After a lengthy lecture on their various exotic beans, the American, the African &Arabian, Sumatran…, I settled on the French Roast. Boring! Hey, I love bold, strong coffee.

If he was disappointed with my choice, he didn’t show it. He congratulated me, and said that the French Roast is their darkest roast. Bless his heart!

Old habits are hard to kick, and I picked up a bag of Major Dickason just in case. I headed to my car feeling happy.

Peet's Coffee Beans, plus free sample, and free coffee cards

As I drove home, all this coffee talk reminded me of my favorite memory of coffee.

When my family came to America in the early 1980’s, it took months before we were able to move out of my uncle’s two-bedroom apartment and into a gloomy one-bedroom apartment right on a busy and wide boulevard in East Los Angeles. Family friends came and gave us gifts to help us get settled.

One family friend stopped by and gave us a bag of whole-bean coffee.

Only my father was excited by that bag of coffee. He drank green tea every day, and now that he was living in America, he wanted to attempt this American rival to green tea.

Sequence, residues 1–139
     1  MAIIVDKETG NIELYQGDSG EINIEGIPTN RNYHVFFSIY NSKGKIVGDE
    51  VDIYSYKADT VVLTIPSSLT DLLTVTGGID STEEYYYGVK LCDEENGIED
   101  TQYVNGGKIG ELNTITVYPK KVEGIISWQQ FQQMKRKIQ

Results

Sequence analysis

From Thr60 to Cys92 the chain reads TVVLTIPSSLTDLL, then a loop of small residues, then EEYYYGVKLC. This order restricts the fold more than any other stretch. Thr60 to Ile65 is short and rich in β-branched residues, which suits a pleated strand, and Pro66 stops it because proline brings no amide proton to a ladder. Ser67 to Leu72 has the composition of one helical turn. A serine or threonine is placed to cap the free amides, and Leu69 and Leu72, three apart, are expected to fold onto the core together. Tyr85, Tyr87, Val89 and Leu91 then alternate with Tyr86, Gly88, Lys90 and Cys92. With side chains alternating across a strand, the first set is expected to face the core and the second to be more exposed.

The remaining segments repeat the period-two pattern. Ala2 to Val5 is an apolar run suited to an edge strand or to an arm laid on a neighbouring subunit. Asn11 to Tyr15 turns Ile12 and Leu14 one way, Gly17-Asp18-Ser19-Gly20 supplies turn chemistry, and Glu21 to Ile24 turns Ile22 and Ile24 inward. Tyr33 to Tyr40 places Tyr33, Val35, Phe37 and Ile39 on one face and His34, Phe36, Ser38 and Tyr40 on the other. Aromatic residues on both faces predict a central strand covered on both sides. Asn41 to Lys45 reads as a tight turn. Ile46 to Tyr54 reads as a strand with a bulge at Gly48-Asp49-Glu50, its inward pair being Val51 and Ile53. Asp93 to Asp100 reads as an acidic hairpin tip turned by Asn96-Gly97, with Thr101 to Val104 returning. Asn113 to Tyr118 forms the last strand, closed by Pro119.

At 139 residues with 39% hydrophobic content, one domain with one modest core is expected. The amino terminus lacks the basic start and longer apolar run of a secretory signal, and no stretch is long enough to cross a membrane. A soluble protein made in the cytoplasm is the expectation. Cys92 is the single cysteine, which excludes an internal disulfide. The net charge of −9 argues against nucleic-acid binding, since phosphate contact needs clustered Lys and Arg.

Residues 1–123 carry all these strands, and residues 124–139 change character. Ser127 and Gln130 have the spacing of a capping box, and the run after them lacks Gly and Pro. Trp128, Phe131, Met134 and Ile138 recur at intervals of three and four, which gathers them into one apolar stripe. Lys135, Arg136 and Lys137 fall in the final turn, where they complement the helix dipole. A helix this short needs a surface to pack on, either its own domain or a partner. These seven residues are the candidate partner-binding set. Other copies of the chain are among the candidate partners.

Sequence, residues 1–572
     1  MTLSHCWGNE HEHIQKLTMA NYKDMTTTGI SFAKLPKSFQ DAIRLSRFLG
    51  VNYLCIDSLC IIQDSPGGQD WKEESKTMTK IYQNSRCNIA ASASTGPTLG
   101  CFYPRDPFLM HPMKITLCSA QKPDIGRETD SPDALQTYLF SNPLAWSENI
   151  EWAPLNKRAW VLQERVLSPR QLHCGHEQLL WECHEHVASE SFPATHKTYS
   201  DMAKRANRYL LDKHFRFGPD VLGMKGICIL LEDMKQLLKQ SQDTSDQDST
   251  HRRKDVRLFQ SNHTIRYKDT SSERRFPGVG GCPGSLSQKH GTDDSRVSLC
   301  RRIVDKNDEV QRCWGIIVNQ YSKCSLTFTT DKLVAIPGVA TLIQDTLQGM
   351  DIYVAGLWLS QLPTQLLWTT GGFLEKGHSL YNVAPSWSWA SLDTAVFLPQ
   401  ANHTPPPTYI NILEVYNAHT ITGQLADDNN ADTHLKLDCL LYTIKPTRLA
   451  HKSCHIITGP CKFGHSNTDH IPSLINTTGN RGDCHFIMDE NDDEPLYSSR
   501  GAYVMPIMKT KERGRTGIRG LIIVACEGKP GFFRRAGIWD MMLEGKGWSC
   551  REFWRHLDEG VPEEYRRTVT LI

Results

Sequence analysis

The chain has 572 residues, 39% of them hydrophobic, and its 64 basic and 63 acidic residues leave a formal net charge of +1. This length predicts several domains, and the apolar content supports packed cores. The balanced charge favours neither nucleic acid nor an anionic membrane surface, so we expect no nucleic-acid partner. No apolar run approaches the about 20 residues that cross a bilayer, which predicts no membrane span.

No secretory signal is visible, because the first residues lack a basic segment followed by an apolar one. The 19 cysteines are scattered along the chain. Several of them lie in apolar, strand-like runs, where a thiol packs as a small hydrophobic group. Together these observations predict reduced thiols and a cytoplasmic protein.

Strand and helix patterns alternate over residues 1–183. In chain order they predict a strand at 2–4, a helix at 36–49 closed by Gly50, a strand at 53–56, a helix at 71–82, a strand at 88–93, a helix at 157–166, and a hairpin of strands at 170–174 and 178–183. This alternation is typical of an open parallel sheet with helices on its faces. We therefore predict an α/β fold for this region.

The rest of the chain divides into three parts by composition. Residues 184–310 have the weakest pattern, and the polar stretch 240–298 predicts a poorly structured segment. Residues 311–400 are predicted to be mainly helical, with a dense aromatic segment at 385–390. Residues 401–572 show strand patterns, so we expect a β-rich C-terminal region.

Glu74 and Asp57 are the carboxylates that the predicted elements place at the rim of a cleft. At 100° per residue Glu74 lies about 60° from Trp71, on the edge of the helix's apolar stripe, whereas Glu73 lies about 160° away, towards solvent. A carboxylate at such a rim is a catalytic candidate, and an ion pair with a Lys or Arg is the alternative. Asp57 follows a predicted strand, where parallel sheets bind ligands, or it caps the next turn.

The bag of coffee beans was an inconsiderate, if not downright, horrible gift. We had no coffee machine, and certainly not the fancy extras of a bean grinder. Even worse, we didn’t know that a machine was even needed to make the coffee.

The coffee beans sat on our table for a few days, as my father debated with himself on what to do with them. Then he arrived at a decision.

“Coffee and tea are kind of similar…I want to use the same method to treat the coffee!” Dad.

“You want to pour hot water on it, and just soak it?” me. Then added, “I don’t think that’s going to succeed.”

“Hem….you might be right. Those beans are much tougher than tea leaves. I am going to use water to cook them.” dad.

“That might work.” me.

He got out a pot, poured water into it, dumped a bunch of beans into the water, and then turned on the stove.

He gave the beans one heck of a cooking.

“Still not done cooking?” me.